AH: There was definitely a bit of red/blue state stuff going on! It’s never explicitly stated, but something in 2020 led to California ceding from the union – after which Washington, Oregon and a few other states out west promptly followed. However, as that sort of split was more historical than anything by the time the series begins. I wanted to highlight another division that takes place all over the world even today – the divide between rural and urban populations. I wanted to show a world where the population- and wealth- drain from the countryside into cities had reached a breaking point, and explore the sort of characters that come out of that.

KLA: How is climate change working in your future world? As the century progresses I would have expected Sacramento to get warmer and drier, not colder as depicted in your first chapters. What weather patterns could account for this?

AH: It’s actually a common misconception that climate change means warming all year round. While internationally temperatures may be increasing, on a local scale the effects are far less predictable. Climate patterns such as El Niño and the Pacific Decadal Oscillation (PDO) have a much greater impact on local climate than climate change, and exactly how climate change affects these patterns is very much a black box (i.e. we have no idea how it will end up impacting them!)

Sorry that got a little technical😆! Climate was a big part of my science degree back in the day. Basically, the effects of climate change depend on location, and can have seemingly opposite results. For instance, California is likely to see an increase in droughts AND heavy rainfall events such as tropical cyclones over the next century. Likewise, summers may get hotter, but inversely winters may also get colder. Then you throw in something like a La Niña year, which means less rain and colder temperatures and…things get complicated😆!

KLA: I have degrees in biological science, and often I think the biology in science fiction is pretty unbelievable. But I thought your explanations of how the Chead are formed were quite good and plausible. Even though they are speculative, they make sense and didn’t throw me out of the story. Did your background in biology inspire this part of the plot? How does it inform your writing generally?

AH: Haha–well it’s good to hear my memory from genetics hasn’t completely failed me yet! I actually first started thinking about this project during my Genetics 202 class, when we were discussing homeotic genes and how a virus could be used for genetic modification. I found it all fascinating, and thought it would be interesting to write a scifi novel with genetically modified humans that were still grounded in some science.

For the rest of my work, such as my fantasy series, my studies in geography and environmental science were more important for the world building. Having a bit of knowledge about how mountains/forests/oceans affect local climate was very useful in developing a new world that might almost work in reality!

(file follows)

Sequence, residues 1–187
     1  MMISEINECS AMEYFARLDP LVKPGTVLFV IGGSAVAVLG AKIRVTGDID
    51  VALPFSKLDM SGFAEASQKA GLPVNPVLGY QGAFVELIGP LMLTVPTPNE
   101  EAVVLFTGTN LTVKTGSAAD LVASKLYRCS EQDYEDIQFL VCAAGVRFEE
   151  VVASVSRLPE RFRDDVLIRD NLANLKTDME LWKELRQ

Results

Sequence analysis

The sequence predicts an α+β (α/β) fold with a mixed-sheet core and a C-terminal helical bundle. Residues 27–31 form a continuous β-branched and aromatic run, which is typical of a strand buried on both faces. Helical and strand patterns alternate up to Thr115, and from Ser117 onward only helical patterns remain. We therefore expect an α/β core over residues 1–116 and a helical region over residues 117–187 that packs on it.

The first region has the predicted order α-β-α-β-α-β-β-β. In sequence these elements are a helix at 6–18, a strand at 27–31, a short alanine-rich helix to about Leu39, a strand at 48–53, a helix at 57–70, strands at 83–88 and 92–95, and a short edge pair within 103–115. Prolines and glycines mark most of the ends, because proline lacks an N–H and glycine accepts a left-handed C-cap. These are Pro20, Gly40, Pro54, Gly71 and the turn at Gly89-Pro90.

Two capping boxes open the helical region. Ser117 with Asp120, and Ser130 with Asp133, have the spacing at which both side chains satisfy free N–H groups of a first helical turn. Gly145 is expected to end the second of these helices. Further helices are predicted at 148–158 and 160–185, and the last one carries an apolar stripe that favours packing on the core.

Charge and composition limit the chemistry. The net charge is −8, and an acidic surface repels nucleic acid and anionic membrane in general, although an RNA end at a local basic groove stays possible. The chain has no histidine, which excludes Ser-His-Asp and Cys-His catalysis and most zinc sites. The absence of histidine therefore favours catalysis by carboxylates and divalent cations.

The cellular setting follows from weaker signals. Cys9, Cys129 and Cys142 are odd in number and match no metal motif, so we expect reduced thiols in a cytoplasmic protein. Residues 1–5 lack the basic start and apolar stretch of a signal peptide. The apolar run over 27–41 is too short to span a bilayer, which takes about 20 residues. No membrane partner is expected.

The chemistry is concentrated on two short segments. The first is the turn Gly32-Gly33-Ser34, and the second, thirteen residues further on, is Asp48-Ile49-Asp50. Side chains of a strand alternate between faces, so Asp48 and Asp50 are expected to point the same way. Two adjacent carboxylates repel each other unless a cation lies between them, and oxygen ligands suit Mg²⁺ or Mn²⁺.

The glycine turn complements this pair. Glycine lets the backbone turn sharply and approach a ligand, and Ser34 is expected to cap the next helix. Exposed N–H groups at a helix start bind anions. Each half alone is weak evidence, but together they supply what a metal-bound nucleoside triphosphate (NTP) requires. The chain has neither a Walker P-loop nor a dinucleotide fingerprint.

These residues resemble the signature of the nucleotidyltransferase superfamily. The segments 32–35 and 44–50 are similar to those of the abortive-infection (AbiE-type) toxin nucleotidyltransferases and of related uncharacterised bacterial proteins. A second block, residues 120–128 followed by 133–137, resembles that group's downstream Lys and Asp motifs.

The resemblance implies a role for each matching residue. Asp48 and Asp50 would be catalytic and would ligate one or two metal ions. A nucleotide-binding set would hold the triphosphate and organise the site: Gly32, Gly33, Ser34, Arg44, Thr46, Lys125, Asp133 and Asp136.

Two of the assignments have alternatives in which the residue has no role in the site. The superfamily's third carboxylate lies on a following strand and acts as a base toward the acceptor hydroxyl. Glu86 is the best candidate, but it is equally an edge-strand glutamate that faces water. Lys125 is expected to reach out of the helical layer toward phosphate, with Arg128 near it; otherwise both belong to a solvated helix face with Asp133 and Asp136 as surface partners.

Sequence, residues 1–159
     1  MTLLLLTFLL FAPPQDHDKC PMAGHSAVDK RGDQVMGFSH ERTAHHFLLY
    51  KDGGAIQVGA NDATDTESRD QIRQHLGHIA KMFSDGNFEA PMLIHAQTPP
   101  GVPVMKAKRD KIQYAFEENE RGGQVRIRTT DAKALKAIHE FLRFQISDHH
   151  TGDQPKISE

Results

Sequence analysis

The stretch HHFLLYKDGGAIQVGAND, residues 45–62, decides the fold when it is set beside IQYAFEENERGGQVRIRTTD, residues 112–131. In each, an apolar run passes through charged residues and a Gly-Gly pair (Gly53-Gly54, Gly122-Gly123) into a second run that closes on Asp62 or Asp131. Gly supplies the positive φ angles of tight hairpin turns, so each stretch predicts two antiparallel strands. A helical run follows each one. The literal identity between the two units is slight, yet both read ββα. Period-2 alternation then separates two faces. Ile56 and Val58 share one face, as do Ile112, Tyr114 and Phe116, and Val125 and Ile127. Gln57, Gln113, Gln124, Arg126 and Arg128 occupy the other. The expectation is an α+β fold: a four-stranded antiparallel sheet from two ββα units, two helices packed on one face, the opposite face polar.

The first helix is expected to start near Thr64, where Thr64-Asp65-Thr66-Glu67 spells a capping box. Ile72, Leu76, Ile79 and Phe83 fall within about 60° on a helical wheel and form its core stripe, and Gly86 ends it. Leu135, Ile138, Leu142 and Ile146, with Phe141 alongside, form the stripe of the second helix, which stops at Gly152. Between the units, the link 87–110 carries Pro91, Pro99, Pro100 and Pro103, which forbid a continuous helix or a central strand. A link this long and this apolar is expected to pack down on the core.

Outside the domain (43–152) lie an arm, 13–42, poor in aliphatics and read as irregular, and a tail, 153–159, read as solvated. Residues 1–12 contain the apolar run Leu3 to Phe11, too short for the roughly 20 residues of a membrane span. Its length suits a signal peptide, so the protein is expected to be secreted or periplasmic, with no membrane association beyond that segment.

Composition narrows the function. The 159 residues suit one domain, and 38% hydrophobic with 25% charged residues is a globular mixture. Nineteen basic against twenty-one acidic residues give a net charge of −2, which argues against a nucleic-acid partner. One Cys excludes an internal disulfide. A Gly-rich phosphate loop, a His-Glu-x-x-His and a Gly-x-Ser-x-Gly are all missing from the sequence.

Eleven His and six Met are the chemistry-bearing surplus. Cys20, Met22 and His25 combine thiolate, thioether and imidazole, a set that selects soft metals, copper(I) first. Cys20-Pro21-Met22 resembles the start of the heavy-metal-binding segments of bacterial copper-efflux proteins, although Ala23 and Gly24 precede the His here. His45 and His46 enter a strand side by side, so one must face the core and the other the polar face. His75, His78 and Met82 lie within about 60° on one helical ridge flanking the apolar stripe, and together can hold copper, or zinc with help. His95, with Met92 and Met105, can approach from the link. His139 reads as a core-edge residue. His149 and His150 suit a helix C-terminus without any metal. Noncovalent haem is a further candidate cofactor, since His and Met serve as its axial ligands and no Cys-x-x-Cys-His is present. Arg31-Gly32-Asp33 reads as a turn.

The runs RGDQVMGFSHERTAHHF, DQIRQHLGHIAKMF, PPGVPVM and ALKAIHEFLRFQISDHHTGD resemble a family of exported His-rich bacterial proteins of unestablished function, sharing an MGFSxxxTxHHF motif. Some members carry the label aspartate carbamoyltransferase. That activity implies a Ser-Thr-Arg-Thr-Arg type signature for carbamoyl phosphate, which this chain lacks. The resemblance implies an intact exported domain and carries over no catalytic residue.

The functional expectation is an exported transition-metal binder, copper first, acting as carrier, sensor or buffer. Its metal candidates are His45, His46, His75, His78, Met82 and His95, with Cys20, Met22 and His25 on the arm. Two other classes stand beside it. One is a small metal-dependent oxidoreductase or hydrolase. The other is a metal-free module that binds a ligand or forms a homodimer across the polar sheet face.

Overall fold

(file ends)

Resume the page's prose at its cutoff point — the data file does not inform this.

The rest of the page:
The final book in the Praegressus Project series, Retribution, is scheduled to be published next week, and this post is part of a blog tour in celebration of the series’ completion. During the blog tour, the first three novels in the series – RebirthRenegades, and Retaliation -are free. There will also be a Goodreads giveaway for three paperback copies of Rebirth, ending December 25th. Look for my blog review of Rebirth in the coming days!–KLA

Mundane Monday: Holiday Cards

I am really in the thick of it right now. I enjoy sending and getting holiday cards, but keeping the addresses up to date, getting the right postage, the address labels, finding the cards that I bought on sale last year on December 26th and stored in the garage, and printing the newsletter and getting it and the kids’ pictures, if appropriate, into the cards is always a bit much when it is going on. Continue reading Mundane Monday: Holiday Cards

Thursday Doors: Tis the Season

My birthday is exactly 3 weeks before Christmas. I like having all the decorations and festivities around, even if they are really intended to honor someone other than myself!

The night of my birthday this year we went to downtown Mountain View to see a tree lighting. In Massachusetts where we used to live, the tree that was lit was not home-grown. It was trucked in from somewhere in Canada, but it was still a standard evergreen tree. It usually wasn’t cold enough to snow at the beginning of December either, even in MA, but there was often fake snow. In particular one of the banks went all out and had fake snow falling from a machine on its roof.

California is a little different. There was a whole stage with chorus singing the usual carols, next to this tree:

DowntownSceneAuthor

Traditionally, the lights are hidden and just kind of peak out from behind the needles or the–ahem–snow. Well, this kind of tree is pretty too, in its own way.

And since it’s Thursday Doors, the Mountain View City Hall door shows that they have taken a more traditional approach.

CityHallDoor

Darkness bothers a lot of people this time of year, but I think the lights make it better.

This is also a season for concerts, and I’d like to share this piece from my son’s high school winter concert. My son is in the cello section and his face is hidden by the music stand. But it was so crowded we were actually lucky to get these seats so front and center, even if mostly all I could do was watch his arm moving back and forth.) They have a beautiful sound.

A Happy Holiday season to all!

Mundane Monday: Birthday Cake

Today is my birthday, so it’s not as mundane as the other 51 Mondays this year. We all know the downsides of social media, but I’m liking the Facebook anniversary function and the “rediscover this day” function in Google photos. One thing it led me to re-discover was cakes of birthdays past.  Continue reading Mundane Monday: Birthday Cake

Thursday Doors: Steve Jobs’ Garage

Earlier in the year I started a series of blogs about the “Geekiest Hot Spots” in Silicon Valley, with the first one being the HP Garage in Palo Alto–where two Stanford students, David Packard and Bill Hewlett, started building the audio oscillators that would be the foundation of Hewlett-Packard. That garage is informally known as “The Birthplace of Silicon Valley.” Continue reading Thursday Doors: Steve Jobs’ Garage

The Brain—is wider than the Sky